With a local push for innovation, Detroit is becoming known as a startup hotbed in America. Because of this, Chicago’s famous innovation conference, TechWeek, chose Detroit as one of its expansion cities. This meeting of minds included: tech-related speakers, startups, makers, innovators and entrepreneurs.

On Thursday May 20th we set out to see some magic and get served up some education digital style from some inspiring Detroit-based startups.

On a bright and beautiful morning armed only with our spry sense of intrigue our day began with a tour of several recently renovated business spaces in downtown Detroit. One of our stops was the Quicken Loans office where they showed off their social media command center. Their staff works 24/7/365 and are kept in a high-traffic area of the company for maximum exposure. They pride themselves on having live representatives working together to maintain one cohesive voice for the company.


Once we arrived at the Federal Reserve Building, 160 West Fort Street, we picked up our conference badges, checked out the schedule and explored the raw industrial site chosen for this digitalized social. The expo floor was abundant with vendor displays that invited 1-on-1 conversations between the curious and the knowledgeable.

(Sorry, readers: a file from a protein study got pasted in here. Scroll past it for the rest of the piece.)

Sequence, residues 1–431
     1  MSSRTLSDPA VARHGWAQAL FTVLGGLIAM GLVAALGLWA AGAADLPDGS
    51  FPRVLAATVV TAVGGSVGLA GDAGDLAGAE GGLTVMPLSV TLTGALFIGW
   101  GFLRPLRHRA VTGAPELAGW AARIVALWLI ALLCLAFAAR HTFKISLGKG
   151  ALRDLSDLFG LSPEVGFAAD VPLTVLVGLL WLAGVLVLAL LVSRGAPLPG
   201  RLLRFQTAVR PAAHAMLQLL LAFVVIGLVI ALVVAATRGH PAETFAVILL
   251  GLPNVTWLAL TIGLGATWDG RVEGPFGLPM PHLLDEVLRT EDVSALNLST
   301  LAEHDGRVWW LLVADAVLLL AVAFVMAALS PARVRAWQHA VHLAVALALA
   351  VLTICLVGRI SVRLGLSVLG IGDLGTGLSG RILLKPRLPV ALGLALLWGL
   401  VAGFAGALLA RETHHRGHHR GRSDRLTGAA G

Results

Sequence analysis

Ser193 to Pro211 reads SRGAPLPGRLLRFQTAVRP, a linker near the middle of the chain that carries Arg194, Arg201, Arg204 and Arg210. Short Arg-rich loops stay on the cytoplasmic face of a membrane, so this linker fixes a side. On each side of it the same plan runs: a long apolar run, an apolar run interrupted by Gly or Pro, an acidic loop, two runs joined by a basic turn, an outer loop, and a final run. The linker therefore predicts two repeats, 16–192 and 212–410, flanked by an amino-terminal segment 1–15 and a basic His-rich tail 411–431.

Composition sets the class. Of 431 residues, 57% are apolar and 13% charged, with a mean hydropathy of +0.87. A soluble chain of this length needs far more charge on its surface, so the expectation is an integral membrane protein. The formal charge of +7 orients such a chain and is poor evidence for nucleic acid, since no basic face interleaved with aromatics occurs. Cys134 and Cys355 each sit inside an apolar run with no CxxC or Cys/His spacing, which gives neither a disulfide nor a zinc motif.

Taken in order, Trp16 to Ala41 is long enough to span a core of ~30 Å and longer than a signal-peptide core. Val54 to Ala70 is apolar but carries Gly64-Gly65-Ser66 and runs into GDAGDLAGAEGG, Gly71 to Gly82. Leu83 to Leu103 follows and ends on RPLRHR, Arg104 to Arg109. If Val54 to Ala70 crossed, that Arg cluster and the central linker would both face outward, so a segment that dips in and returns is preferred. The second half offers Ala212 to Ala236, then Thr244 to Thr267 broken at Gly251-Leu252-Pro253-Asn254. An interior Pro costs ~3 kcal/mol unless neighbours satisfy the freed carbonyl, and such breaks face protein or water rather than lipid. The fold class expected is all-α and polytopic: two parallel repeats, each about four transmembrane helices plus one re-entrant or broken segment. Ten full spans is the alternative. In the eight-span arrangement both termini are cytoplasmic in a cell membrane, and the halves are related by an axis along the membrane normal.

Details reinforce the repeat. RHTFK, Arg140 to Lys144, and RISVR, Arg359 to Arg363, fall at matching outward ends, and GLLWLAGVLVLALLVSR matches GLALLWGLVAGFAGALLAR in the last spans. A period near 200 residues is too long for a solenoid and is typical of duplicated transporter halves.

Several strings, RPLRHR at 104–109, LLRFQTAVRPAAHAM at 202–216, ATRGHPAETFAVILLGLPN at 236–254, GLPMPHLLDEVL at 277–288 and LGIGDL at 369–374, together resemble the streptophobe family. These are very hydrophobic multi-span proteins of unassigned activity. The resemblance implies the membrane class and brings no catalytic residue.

Vendors showcased everything from paying with Bitcoin to an immersive flying Harry Potter Quiddich experience using Oculus Rift. James Kotzian, a Computer Science student at the University of Michigan created the virtual reality game using a Wii Remote to capture the broom motion.

One vendor, YikeBike, required a liability waiver and for good measure. Their carbon-fiber collapsible electric bikes were pitched to us with the sell of larger “inter-office” travel, but are plenty of fun outdoors as well (I almost crashed only 3 times). They’ve been featured in the likes of Time, PCMag and Wired magazines, and held the 2011 Guinness World Record for “Most Compact Electric Bike.” While exciting they were definitely harder to handle than they appeared.

The conference offered a great mix of speakers; from local to cross-country covering topics from the NFL to fashion. One of our favorites were Steve Hannah and Mike McAvoy from The Onion, who spoke about their switch from a weekly printed newspaper to a completely digital platform. When asked about the challenges with such a shift, one of the hardest problems to solve has been figuring out “What is the digital equivalent of the child on a bike?” Creating the content isn’t as difficult as figuring out smart, interesting ways to deliver it to consumers because there isn’t a “digital paper boy.”

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Rachel Schostak, founder of Styleshack and Chris Roebuck, CEO and co-founder of Clicktivated, were among a panel discussing the future of fashion technology. Styleshack connects brick and mortar boutiques to ecommerce by making it easier to discover great local fashion, while Clicktivated is enabling online video to be shoppable.

Overall, we had a great time chatting with fellow tech-minded people and were very inspired by the contagious positive energy surrounding the City of Detroit.

In a city that has dealt with highly publicized economic and social issues it was refreshing to see such unwavering determination to revive the soul of the Motor City through digital innovation.